Determination to return to his winning ways he began the season with, and to make up for lost championship points, helped Movistar Yamaha rider Maverick Vinales to pick up the Japanese manufacturers 500th Grand Prix win at the fifth round of the 2017 MotoGP season.
Third victory for Vinales with Movistar Yamaha
In his first five races since moving from Team Suzuki Ecstar to Yamaha, the Spanish newbie has brought his M1 first three times helping Yamaha to reach a fantastic achievement. Before the race it seemed the 500th win was guaranteed for the manufacturer as Vinales led a Yamaha front row as he was joined on the grid by his teammate, Valentino Rossi (Movistar Yamaha) and French rookie and double Moto2 champion, Johann Zarco (Monster Yamaha Tech3) who was determined to do well in front of his home crowd.
Vinales got a fantastic start and led into the first turn of the race at the endurance circuit, Le Mans. He was unable to pull away however as Zarco stayed in contact and by turn 10 had become the new leader when he passed the Spaniard. Vinales stayed with him until, but then he found himself under pressure from Rossi who had passed Marc Marquez (Repsol Honda) and was now focusing on him to take second.
Vinales regains the lead
Vinales response instead was to catch Zarco and he passed him on the seventh lap to regain the lead. He remained there until later on in the race, when Rossi made his way past the rookie on lap 23, and then turned his attention once again to him. With Zarco out the way it was not long until Rossi closed the gap between he and his teammate.
A lap after Rossi passed Zarco at the chicane, turns three and four, he replicated his move on Vinales; not as neatly this time however it was amazing the way he made the Yamaha turn in such a small gap. Vinales did what he could to remain with him. He ran wide on the next lap using the run off area to prevent a crash and re-joined behind Rossi after managing to avoid connecting with him; Vinales did not gain a position but possibly gained a little time with the shortcut.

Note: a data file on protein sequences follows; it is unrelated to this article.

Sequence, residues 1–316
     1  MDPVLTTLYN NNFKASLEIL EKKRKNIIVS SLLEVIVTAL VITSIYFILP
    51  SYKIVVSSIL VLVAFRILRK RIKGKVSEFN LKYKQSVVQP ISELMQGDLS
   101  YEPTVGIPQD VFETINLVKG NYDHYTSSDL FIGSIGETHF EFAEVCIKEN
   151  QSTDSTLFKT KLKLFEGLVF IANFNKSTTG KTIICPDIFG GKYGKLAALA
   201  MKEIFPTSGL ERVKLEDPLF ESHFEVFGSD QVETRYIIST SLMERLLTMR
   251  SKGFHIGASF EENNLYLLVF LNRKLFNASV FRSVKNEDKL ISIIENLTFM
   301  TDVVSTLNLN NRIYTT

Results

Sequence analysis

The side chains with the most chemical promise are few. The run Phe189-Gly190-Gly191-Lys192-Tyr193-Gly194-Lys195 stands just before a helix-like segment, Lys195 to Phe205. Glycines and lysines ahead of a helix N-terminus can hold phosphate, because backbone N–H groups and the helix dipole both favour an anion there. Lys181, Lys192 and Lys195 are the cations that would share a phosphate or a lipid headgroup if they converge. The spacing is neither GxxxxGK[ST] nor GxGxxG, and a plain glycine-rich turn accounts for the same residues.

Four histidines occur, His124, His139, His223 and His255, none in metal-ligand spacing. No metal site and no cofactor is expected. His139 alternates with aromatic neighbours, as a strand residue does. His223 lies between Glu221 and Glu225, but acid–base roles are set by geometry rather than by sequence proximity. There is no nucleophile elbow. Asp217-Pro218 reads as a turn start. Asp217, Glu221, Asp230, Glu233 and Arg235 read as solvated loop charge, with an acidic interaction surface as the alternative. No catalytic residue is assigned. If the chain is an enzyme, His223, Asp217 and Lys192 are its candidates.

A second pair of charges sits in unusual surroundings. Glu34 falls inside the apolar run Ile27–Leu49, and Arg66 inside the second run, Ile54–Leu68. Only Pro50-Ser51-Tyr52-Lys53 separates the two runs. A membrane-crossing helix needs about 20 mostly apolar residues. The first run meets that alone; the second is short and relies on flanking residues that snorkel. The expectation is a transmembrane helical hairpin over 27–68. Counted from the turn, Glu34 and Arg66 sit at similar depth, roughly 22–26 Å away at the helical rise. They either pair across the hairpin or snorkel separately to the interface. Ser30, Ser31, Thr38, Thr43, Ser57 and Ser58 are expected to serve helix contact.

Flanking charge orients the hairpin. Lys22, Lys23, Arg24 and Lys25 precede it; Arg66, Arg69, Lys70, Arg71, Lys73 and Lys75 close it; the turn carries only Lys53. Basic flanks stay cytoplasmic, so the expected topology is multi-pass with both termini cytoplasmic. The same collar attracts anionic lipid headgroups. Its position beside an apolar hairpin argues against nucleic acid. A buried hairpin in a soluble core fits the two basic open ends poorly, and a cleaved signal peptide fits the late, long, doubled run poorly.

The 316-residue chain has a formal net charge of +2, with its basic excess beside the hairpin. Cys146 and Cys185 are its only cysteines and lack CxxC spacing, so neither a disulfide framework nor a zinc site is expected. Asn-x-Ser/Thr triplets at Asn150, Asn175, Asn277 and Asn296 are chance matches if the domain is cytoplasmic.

Rossi crashes leaving Vinales to win the 500th Grand Prix win for Yamaha
Then Vinales got the opportunity he needed. On the final lap, as they powered their way around the French circuit trying to reach the finish line first, Rossi ran wide allowing Vinales to slot through when the space opened up on track. He knew Rossi wasn’t going to give up, and kept on pushing himself, but then when accelerating out of turn 11 on the final lap, with just three corners too go, Rossi spun the rear and came off his bike ended up in the gravel.
This allowed Vinales to carry on with ease and he emerged victorious in Le Mans, collecting his third win (fourth overall) and 25 championship points. Collecting maximum points in France means he is now leading the 2017 MotoGP championship. On top with 85 points, he is 17 points clear of second place man, now Dani Pedrosa (Repsol Honda) who finished third, which meant championship leader heading into France, Rossi, has been knocked down to third where he remains on 62 points.
Vinales has high praise for Zarco
It was an intense win for the Spaniard who was happy to return to his winning ways this year. He admitted it was “hard” when he was “keeping up with Johann in the early laps of the race”. He found that the French rookie was “really fast with the full tank” and he found that they were “not so strong as him”.
Analysing him, he said that Zarco was “exiting the corners really good and really fast”. Then, Vinales noticed that his “tyre started to drop a little but” which was in time for when his “tyre started to work good on the rear”; Vinales found that “lap by lap [he] was feeling better”.
Vinales gave everything in Le Mans
Vinales spoke of how “until the end” of the race in Le Mans, he “gave everything” he had and was left feeling “so happy and so pleased”. He exclaimed that the “team was working on an incredible level this weekend” and in the future he is hoping they can “continue like that”. He said, “For sure the tyres were working really good here” and now he hopes that they “can work like this also in Mugello.”